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Beautifully bonkers – the best of weird Britain (Part the Second)

juli 9, 2013
av Laura Canning | guides

Headington Shark. Pic by Henry Flowers via Wikimedia Commons. We’ve covered bus shelters, haunted Cornish inns and crooked pubs in the first part of our look at weird Britain, and now we move on to shell grottoes, gnome reserves and titter type names like Back Passage and Bell End. We bring you Beautifully bonkers – the best of weird Britain (Part the Second):

Shell Grotto, Kent

This was featured in George Clarke’s Amazing Spaces last Christmas and we nodded along in emphatic agreement as George’s jaw dropped when he saw the 4.6 million shells in this hidden grotto at Margate, Kent, making up 2000 square feet of mosaic along the walls and ceilings of a 70-feet long passageway.

Properly jaw-dropping it is, and since it was discovered in 1835 no-one has been able to figure out who built it or why. A smuggler’s cave or a rich man’s folly are the most popular theories, although our money’s on dwarves building a seaside version of Khazad-dûm.

Gnome Reserve, Devon

Poor old gnomes. Slandered, kidnapped/ liberated and generally hooted at as the epitome of tack.

Not here at the Gnome Reserve near Bradworthy, where over a thousand of the hatted critters frolic free around a four-acre site of woodland, gardens, meadows and ponds.

We bet they move when you’re not looking, and they probably take the boat out on the pond too when everyone’s gone home. The Gnome Reserve also has a Gnome Museum (of course it does), where you can view the antique gnomes that spawned their colourful modern cousins.

The brick train. Pic by Dan Mullen via Wikimedia Commons. Brick Train, Co Durham

There are over 180,000 bricks making up this full-length train sculpture beside the A6 in Darlington, which in some parts of the country might be the closest you get to a choo-choo.

This isn’t the case in Darlington, where the sculpture was commissioned in 1997 in honour of the nineteenth century mill owners, coal masters and bankers who chipped in to open the Stockton and Darlington Railway, the world's first steam-operated public railway. We wonder what a sculpture to today’s bankers might consist of…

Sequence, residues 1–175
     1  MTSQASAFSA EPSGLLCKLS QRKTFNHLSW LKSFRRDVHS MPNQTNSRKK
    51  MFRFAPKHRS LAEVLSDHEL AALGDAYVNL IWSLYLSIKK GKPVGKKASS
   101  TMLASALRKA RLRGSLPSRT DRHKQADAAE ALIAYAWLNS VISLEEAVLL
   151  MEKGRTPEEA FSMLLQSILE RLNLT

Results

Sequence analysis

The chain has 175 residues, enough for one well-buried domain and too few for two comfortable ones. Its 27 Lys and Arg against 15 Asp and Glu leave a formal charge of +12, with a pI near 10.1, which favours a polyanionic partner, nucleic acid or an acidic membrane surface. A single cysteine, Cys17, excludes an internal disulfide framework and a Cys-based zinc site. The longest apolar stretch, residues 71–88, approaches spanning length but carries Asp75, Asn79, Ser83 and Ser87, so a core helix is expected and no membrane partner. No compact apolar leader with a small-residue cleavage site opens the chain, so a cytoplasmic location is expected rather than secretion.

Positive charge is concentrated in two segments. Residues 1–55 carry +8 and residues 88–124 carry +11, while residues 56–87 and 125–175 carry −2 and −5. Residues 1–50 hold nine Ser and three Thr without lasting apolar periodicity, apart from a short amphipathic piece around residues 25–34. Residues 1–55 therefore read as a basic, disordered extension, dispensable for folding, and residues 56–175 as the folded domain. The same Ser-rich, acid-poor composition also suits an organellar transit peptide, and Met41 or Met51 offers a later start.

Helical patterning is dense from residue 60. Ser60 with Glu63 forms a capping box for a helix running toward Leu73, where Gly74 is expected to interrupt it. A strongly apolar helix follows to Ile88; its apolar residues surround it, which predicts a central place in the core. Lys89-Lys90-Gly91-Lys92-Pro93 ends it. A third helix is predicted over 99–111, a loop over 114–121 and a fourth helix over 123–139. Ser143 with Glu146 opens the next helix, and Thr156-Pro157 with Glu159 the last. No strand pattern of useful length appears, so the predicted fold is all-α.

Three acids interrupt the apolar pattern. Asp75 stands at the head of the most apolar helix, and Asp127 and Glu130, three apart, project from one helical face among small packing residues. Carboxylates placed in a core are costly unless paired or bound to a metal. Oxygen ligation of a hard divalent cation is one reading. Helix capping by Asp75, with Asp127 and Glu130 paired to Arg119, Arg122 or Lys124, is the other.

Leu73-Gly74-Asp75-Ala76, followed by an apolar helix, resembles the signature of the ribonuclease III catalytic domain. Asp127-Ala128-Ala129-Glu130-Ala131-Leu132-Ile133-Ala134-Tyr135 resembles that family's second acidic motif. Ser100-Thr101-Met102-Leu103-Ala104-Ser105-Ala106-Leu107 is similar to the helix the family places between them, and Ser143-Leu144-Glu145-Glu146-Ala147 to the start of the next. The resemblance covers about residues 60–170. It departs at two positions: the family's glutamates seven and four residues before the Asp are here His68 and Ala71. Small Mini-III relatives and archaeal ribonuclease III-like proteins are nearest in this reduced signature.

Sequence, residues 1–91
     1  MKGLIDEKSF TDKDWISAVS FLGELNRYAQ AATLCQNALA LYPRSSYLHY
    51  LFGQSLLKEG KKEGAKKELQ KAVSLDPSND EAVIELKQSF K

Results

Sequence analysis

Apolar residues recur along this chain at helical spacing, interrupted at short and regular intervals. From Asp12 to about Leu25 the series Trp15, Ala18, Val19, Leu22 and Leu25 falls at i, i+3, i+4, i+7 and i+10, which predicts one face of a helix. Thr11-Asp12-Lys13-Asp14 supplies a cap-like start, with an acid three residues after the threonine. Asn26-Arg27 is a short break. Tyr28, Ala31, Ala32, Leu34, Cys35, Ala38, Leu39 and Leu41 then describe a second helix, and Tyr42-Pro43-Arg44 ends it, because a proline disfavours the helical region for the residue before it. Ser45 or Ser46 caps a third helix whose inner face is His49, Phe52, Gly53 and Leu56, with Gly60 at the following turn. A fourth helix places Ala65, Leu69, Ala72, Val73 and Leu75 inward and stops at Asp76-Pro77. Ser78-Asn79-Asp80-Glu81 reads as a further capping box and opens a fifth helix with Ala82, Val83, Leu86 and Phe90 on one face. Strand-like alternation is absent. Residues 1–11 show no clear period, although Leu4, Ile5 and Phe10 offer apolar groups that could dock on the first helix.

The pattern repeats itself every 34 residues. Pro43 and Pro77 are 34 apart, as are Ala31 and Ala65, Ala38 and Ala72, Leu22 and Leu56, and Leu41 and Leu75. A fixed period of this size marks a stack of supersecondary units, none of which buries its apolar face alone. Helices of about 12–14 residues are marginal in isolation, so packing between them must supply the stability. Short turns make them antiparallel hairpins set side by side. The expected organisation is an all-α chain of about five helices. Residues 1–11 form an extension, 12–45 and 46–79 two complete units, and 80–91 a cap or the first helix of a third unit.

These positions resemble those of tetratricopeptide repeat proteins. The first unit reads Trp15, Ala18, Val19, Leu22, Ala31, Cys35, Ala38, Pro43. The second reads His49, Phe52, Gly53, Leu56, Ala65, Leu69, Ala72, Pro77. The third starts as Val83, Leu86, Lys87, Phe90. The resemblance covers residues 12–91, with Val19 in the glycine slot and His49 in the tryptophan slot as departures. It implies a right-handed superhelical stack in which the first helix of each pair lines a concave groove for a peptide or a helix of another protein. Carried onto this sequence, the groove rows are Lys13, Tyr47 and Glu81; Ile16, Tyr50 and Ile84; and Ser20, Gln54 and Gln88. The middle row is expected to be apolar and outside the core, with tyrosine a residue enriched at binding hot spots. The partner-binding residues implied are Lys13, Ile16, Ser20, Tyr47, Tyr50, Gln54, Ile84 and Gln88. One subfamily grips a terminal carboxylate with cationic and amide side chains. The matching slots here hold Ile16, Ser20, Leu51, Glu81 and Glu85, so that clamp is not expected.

Headington Shark, Oxfordshire

A shark? Head-first in the roof of a house in Oxfordshire? We don’t know much about art but we know what we like…

The Headington Shark was designed by John Buckley and commissioned by Bill Heine who, when asked why he commissioned a shark to go through his roof, said it ‘was to express someone feeling totally impotent and ripping a hole in their roof out of a sense of impotence and anger and desperation…. It is saying something about CND, nuclear power, Chernobyl and Nagasaki.’

We’re not quite sure how this works, but again, we don’t know much about art. And one of the team used to cycle past the shark every day, which is not a sentence we ever thought we'd write.

Imagine calling a town Dounby... Quirk collection II – names

Tee hee. We’ve found a town called Twatt. Two, actually – one in the Shetlands and one in Orkney. And a Back Passage in London. And a Minge Lane in Worcestershire and a Brown Willy in Cornwall and our very own Sandy Balls in Hampshire...

Yes, we are juvenile and we have the sense of humour (and laughs) of Beavis and Butthead. And names hilarious to the childish can be found all over the globe, e.g. Beaverlick in Kentucky, Dildo in Canada and Iron Knob in Australia. But British ones just seem more old-fashioned and therefore funnier – and we hope we never get too old and sensible to not snigger at a name like Lickey End. Chortle.

Got your own weird attraction to visit? Alas, we don’t (yet) have ‘ghosts on site’ or ‘weirdness nearby’ filters for, but if you put the postcode of the peculiar place you want to gto to into our search box on the homepage, you can see campsites and holiday parks within five to sixty miles.

More madness

Proper British: baked beans and mad museums

The big cats are out there: a guide to British beasts